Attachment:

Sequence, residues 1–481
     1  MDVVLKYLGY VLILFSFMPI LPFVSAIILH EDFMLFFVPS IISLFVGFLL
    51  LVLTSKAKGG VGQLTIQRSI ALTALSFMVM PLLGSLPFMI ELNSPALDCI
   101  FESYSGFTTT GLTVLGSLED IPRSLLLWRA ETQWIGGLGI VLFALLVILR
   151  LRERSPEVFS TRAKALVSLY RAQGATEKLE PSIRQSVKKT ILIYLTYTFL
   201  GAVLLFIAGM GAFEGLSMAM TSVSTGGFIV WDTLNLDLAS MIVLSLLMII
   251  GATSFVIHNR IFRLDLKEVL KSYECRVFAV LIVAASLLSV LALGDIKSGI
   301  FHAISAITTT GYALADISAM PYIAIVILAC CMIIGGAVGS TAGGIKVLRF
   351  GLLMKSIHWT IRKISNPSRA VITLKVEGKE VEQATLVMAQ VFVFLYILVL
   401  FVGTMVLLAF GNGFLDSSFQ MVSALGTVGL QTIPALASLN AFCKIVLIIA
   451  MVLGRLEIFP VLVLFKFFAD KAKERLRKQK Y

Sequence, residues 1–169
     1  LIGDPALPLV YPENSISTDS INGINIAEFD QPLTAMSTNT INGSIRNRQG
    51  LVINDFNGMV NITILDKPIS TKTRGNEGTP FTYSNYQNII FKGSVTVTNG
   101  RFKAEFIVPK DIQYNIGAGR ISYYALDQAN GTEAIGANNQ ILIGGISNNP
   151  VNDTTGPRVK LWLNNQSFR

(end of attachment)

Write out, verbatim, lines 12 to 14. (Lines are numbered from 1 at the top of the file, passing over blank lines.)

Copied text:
Sequence, residues 1–169
     1  LIGDPALPLV YPENSISTDS INGINIAEFD QPLTAMSTNT INGSIRNRQG
    51  LVINDFNGMV NITILDKPIS TKTRGNEGTP FTYSNYQNII FKGSVTVTNG